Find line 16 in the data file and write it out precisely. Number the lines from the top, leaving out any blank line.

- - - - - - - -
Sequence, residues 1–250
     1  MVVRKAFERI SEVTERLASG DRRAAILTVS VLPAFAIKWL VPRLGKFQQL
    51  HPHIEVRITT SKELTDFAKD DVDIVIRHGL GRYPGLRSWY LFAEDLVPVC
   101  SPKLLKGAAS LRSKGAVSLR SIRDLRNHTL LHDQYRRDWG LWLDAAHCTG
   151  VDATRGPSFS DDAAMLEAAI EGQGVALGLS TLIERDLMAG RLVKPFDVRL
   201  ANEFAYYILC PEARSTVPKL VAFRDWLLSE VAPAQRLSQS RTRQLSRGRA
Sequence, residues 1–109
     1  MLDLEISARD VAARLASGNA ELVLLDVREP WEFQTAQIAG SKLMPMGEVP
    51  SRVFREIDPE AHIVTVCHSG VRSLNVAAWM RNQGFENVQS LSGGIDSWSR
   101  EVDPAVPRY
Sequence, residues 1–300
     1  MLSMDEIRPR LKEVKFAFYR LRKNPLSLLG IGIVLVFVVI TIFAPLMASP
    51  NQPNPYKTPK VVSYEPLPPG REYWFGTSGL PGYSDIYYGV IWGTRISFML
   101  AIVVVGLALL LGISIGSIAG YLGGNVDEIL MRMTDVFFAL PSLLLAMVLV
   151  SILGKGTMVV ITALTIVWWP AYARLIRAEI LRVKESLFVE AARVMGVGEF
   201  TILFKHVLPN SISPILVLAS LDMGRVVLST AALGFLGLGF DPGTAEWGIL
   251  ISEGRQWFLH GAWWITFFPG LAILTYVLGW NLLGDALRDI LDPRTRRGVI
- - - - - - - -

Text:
   201  TILFKHVLPN SISPILVLAS LDMGRVVLST AALGFLGLGF DPGTAEWGIL